Recent seismic studies at the East Pacific Rise 8°20'–10°10'N and Endeavour Segment : insights into mid-ocean ridge hydrothermal and magmatic processes
Carbotte, Suzanne M.
Canales, J. Pablo
Nedimovic, Mladen R.
Mutter, John C.
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As part of the suite of multidisciplinary investigations undertaken by the Ridge 2000 Program, new multichannel seismic studies of crustal structure were conducted at the East Pacific Rise (EPR) 8°20'–10°10'N and Endeavour Segment of the Juan de Fuca Ridge. These studies provide important insights into magmatic systems and hydrothermal flow in these regions, with broader implications for fast- and intermediate-spreading mid-ocean ridges. A mid-crust magma body is imaged beneath Endeavour Segment underlying all known vent fields, suggesting that prior notions of a tectonically driven hydrothermal system at this site can be ruled out. There is evidence at both sites that the axial magma body is segmented on a similar 5–20 km length scale, with implications for the geometry of high-temperature axial hydrothermal flow and for lava geochemistry. The new data provide the first seismic reflection images of magma sills in the crust away from the axial melt lens. These off-axis magma reservoirs are the likely source of more-evolved lavas typically sampled on the ridge flanks and may be associated with off-axis hydrothermal venting, which has recently been discovered within the EPR site. Clusters of seismic reflection events at the base of the crust are observed, and localized regions of thick Moho Transition Zone, with frozen or partially molten gabbro lenses embedded within mantle rocks, are inferred. Studies of the upper crust on the flanks of Endeavour Segment provide new insights into the low-temperature hydrothermal flow that continues long after crustal formation. Precipitation of alteration minerals due to fluid flow leads to changes in P-wave velocities within seismic Layer 2A (the uppermost layer of the oceanic crust) that vary markedly with extent of sediment blanketing the crust. In addition, intermediate-scale variations in the structure of Layers 2A and 2B with local topography are observed that may result from topographically driven fluid upflow and downflow on the ridge flanks.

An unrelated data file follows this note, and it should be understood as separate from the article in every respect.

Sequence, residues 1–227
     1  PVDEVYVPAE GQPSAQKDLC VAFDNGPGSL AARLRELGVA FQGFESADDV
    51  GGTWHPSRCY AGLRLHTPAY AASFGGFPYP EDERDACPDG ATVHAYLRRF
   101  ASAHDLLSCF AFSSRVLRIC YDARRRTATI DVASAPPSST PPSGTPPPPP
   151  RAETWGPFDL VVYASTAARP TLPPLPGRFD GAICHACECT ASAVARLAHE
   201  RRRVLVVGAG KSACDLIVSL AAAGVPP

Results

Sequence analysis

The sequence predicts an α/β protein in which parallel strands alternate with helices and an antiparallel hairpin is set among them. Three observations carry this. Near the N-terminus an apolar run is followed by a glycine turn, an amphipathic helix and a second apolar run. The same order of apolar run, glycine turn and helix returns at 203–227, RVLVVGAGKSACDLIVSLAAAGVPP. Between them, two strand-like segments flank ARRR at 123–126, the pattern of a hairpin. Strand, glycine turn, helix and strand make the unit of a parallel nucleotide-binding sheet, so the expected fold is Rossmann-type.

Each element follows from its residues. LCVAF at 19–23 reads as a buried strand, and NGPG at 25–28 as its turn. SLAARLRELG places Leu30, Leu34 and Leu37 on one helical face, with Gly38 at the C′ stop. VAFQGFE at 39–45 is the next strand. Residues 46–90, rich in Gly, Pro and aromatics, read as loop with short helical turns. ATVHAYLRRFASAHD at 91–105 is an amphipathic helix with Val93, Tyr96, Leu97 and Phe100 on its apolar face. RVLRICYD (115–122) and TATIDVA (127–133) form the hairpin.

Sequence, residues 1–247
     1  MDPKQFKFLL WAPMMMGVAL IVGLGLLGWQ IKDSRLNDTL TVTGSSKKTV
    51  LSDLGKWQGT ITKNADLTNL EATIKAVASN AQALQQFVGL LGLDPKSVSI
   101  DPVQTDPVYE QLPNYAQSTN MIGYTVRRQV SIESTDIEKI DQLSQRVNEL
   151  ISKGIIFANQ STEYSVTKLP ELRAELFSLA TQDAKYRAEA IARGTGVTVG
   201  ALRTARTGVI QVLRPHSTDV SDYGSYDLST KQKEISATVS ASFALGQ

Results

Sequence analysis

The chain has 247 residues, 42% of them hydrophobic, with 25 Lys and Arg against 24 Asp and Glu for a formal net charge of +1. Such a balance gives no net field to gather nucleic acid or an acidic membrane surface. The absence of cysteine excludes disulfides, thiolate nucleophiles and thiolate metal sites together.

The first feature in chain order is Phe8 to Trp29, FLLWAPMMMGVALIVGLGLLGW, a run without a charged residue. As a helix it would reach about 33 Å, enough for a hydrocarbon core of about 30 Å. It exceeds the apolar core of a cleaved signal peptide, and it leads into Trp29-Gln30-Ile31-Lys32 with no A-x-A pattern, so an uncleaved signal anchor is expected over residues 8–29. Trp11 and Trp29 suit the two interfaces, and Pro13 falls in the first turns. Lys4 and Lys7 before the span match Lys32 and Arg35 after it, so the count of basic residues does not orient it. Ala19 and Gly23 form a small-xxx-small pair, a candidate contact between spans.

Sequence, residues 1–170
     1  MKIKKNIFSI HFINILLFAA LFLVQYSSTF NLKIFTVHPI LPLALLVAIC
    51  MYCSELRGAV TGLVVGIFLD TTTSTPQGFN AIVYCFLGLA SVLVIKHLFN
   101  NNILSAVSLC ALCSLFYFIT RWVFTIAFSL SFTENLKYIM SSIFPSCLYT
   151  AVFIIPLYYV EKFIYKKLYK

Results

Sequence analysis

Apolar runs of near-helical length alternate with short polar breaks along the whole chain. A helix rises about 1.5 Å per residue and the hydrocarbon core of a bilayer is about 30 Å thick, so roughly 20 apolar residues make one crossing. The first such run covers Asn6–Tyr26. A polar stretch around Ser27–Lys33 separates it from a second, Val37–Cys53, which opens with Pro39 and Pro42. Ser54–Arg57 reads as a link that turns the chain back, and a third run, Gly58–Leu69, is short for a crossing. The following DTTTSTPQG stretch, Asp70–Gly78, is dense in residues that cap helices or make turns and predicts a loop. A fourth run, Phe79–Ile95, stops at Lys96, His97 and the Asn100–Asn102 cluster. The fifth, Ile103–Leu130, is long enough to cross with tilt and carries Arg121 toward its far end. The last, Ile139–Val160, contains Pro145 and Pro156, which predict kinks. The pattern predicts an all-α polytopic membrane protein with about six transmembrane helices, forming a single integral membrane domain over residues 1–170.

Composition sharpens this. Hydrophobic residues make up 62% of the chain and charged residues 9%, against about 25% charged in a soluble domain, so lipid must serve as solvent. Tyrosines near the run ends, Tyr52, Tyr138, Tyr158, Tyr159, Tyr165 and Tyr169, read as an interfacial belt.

Author Posting. © The Oceanography Society, 2012. This article is posted here by permission of The Oceanography Society for personal use, not for redistribution. The definitive version was published in Oceanography 25, no. 1 (2012): 100–112, doi:10.5670/oceanog.2012.08.